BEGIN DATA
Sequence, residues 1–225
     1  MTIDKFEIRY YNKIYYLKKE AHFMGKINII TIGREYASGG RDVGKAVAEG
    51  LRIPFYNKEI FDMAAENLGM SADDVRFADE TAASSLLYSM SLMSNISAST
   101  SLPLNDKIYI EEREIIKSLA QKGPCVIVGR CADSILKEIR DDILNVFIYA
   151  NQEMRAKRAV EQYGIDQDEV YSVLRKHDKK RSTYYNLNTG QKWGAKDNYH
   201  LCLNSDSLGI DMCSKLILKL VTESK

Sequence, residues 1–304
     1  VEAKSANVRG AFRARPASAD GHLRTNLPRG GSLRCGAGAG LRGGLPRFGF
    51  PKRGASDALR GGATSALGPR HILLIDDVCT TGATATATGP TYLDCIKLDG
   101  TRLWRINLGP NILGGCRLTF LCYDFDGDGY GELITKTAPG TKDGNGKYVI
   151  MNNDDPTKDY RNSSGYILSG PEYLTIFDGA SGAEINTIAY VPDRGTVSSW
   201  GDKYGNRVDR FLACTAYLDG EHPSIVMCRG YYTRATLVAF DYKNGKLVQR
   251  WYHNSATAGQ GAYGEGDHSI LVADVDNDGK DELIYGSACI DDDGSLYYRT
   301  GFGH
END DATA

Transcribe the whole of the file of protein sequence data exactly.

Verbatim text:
Sequence, residues 1–225
     1  MTIDKFEIRY YNKIYYLKKE AHFMGKINII TIGREYASGG RDVGKAVAEG
    51  LRIPFYNKEI FDMAAENLGM SADDVRFADE TAASSLLYSM SLMSNISAST
   101  SLPLNDKIYI EEREIIKSLA QKGPCVIVGR CADSILKEIR DDILNVFIYA
   151  NQEMRAKRAV EQYGIDQDEV YSVLRKHDKK RSTYYNLNTG QKWGAKDNYH
   201  LCLNSDSLGI DMCSKLILKL VTESK

Sequence, residues 1–304
     1  VEAKSANVRG AFRARPASAD GHLRTNLPRG GSLRCGAGAG LRGGLPRFGF
    51  PKRGASDALR GGATSALGPR HILLIDDVCT TGATATATGP TYLDCIKLDG
   101  TRLWRINLGP NILGGCRLTF LCYDFDGDGY GELITKTAPG TKDGNGKYVI
   151  MNNDDPTKDY RNSSGYILSG PEYLTIFDGA SGAEINTIAY VPDRGTVSSW
   201  GDKYGNRVDR FLACTAYLDG EHPSIVMCRG YYTRATLVAF DYKNGKLVQR
   251  WYHNSATAGQ GAYGEGDHSI LVADVDNDGK DELIYGSACI DDDGSLYYRT
   301  GFGH